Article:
3. I was really saddened by this, because it seems like both an attack on crypto and censorship resistance, which is going to be a bigger issue down the line as privacy vs national security becomes the hot button topic for the decade. Already people are being forced to have their privacy rights violated through the use of medical passports - where the government and private businesses can suddenly force you to disclose personal health information in order to gain access to national and private services. This is a terrible precedent to allow for, and it is opening the door wide open for insurance companies and employers to enter into cahoots - which is already a nasty mess. There are many employers who simply won't hire a person because their age and/or likelihood of impending healthcare costs that they will need to absorb. It's illegal of course, and they'll never admit the reason of course, but it is getting reported on Blind and private discords. Our privacy is under attack. Combine that with our freedom of speech and to hold assembly and you have a totalitarian's wet dream.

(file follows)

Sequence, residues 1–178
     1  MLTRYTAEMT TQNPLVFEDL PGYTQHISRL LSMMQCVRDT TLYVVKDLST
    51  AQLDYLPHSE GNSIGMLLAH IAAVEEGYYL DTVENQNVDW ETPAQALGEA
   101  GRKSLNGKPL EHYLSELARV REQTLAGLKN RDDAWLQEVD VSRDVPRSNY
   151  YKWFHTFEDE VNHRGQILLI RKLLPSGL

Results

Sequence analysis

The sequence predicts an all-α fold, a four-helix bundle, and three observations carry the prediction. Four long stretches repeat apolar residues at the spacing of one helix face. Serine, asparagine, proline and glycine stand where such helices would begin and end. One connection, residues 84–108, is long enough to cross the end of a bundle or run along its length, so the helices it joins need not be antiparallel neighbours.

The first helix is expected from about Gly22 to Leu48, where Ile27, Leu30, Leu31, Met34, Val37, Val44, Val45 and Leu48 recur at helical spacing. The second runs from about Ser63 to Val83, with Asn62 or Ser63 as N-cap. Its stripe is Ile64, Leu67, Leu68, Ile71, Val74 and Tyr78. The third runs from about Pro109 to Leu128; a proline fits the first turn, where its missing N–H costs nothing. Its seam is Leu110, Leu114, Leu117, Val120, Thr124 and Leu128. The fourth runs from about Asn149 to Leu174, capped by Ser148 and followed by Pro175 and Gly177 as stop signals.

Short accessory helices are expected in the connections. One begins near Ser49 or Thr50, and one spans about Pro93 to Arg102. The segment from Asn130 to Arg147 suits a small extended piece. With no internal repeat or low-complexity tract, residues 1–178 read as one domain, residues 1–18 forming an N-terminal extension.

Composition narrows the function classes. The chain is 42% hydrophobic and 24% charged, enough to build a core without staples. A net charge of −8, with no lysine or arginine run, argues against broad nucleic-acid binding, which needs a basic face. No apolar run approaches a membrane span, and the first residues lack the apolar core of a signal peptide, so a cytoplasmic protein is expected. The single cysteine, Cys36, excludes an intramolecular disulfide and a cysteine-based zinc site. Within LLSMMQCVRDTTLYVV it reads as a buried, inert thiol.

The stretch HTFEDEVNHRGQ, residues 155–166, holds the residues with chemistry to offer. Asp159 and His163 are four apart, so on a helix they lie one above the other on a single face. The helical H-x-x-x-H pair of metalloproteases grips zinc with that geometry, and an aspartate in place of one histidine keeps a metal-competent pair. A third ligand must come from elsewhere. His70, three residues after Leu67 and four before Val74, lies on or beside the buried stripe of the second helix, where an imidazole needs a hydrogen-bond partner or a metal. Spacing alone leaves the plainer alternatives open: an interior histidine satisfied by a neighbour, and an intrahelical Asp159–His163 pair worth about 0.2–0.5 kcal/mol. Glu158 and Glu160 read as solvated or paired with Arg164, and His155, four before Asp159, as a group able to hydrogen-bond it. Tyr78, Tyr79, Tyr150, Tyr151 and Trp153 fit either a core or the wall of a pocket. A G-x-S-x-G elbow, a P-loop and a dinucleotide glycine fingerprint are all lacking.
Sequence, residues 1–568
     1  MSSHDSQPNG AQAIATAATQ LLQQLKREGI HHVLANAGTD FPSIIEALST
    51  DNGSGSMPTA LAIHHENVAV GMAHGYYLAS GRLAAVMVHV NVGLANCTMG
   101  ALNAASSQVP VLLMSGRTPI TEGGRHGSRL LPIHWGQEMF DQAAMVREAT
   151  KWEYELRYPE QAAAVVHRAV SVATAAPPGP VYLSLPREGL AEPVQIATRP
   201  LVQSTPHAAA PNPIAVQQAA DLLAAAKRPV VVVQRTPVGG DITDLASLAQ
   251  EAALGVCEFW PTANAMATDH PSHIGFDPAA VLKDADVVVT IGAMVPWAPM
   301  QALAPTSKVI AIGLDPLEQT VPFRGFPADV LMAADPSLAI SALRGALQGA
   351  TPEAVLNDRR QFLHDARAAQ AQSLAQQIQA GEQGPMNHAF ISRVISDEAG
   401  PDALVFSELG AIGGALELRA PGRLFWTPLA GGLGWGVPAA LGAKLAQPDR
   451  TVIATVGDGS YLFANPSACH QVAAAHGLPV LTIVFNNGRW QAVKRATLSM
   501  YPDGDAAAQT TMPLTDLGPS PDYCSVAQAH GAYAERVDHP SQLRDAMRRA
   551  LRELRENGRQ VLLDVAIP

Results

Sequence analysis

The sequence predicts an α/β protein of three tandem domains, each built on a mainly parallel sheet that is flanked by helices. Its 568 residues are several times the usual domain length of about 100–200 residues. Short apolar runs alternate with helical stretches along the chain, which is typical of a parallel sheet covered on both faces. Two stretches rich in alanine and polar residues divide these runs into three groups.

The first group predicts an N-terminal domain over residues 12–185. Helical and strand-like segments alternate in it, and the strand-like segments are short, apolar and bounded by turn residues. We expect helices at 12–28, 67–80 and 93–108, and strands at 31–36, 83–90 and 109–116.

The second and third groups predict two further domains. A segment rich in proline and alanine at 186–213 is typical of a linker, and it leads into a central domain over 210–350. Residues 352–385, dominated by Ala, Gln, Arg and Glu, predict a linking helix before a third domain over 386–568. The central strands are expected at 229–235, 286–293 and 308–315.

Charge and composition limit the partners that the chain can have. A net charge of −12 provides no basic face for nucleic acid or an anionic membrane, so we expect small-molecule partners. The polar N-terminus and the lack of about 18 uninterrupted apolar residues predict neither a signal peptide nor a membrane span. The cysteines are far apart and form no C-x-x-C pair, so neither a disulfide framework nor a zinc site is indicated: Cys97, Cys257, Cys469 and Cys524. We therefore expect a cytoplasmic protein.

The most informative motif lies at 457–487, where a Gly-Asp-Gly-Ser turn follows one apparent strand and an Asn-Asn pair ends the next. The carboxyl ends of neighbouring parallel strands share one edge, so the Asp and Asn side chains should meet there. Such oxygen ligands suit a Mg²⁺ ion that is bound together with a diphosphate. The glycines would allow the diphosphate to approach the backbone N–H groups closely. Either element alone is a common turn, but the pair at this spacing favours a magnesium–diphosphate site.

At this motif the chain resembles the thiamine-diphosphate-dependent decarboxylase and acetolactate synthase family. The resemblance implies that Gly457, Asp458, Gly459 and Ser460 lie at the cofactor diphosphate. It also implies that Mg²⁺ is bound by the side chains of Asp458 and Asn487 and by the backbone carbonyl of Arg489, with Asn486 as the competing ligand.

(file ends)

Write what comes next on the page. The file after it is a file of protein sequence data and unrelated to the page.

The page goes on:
4. God I hate Twitter. I can't say I rotated out of XRP. I can say that when I posted projects of interest in alt coin forums, I tended to buy them. I also did have enough scraped together to get into a few decent buys - not as much as I'd like now of course, but enough to not feel like the bull run left the station without me. My only regret so far was selling out 2mil HOT at $0.001 with the hope of being able to buy back in later - it did nothing for months and months. Then $0.007. Dammit, make that $0.008 - grr. I still don't understand why BNB and BTR and these other exchange tokens are not getting targeted by the SEC. I did the initial ICO for DTR (the utility token for the tokens.net exchange put together by former bitstamp founder) but once I realized I couldn't participate on the platform or exercise any rights as a US token holder I ditched them. NEXO at least registered properly and that gave me more confidence in their platform, though you still can't do certain things with NEXO tokens as a US citizen (you can't earn your crypto interest in NEXO, for example) I didn't get into BNB even though I could have - it came out around the same time as DTR and near the same price point I think? But I figured it was going to be knocked out as a security right off the bat - yet here we are hundred and hundreds of dollars up. https://usethebitcoin.com/is-binance-coin-bnb-a-utility-token-or-a-security/
  5. My suspicion is that this is actually the process that has been pursued for years, and is probably already done - but it is sitting on the shelf waiting for the SEC to collect on this new direction. It would not surprise me to find that this clarity is being held up until the SEC collects on penalties.